Ithani is the third and final book in The Oberon Cycle. This is definitely not a stand alone book and the series must be read in order from the first to final book. Each book leads into the next and missing one or reading out of order will definitely confuse the readers because there is a lot of story in each book in the Cycle.
Anyone who's read my previous reviews knows that I'm a really big fan of this author. His world building is exceptional, and that's something that can be really hard to find in the LGBTQ genres. That's not saying other authors aren't doing it, it's more so that this author does it the old school science fiction master way of writing. This final book in the series does not disappoint in continuing the world building and bringing it to the ultimate conclusion adding in enough new to keep it fresh and interesting till the final page.
I will admit that at first I struggled a bit with the pronouns in the ithani culture. More I think because there were still instances of she/he sprinkled through the text and I wasn't expecting to see those with the z based pronouns. That really didn't detract from the flow of the story or the story itself. It was just one of those little things to note that other readers may want to take those extra few minutes to really read through the guide at the start of the book, and even take the time to read it again. Ithani itself is a very good, very strong conclusion to an absolutely stellar series by this author. I'm actually sad to see this series come to its conclusion because it just worked so well for me.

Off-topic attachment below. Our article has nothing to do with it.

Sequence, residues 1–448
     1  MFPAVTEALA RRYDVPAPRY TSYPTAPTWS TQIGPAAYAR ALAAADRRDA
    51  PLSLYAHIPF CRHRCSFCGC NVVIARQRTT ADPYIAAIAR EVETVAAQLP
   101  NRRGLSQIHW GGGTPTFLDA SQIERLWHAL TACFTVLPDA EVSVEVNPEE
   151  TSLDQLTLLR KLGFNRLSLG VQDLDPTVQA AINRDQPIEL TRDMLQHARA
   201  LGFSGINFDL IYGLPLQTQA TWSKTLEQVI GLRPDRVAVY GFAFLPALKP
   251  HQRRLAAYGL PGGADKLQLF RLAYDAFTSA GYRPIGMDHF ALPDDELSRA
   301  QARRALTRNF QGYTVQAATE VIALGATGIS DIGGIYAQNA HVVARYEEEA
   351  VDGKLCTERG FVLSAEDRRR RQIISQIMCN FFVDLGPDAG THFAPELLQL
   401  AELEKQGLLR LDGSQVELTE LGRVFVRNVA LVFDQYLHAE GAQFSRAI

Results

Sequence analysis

I don't want to really delve into the plot as this is a book you need to read from your perspective vs mine as a reviewer. I come into this series already loving the author's style of writing, and having been a huge science fiction/fantasy reader and that add a different aspect to what/why I enjoyed what I did in the book. I know I've kept this review relatively vague but hopefully you see something that sparks your interest in order to pick up this final book if not the entire series if its one you haven't read yet.
Every writer has inspirations—authors, films, books, friends and family that help shape their work.
I am no different.
For Ithani, I had one specific inspiration—the Giants series by James P. Hogan. Hogan was a product of his time. His heroes (the ones who aren’t aliens, anyhow) are overwhelmingly straight, white and male.
But his plotting was light years ahead of most of the other writers of his time.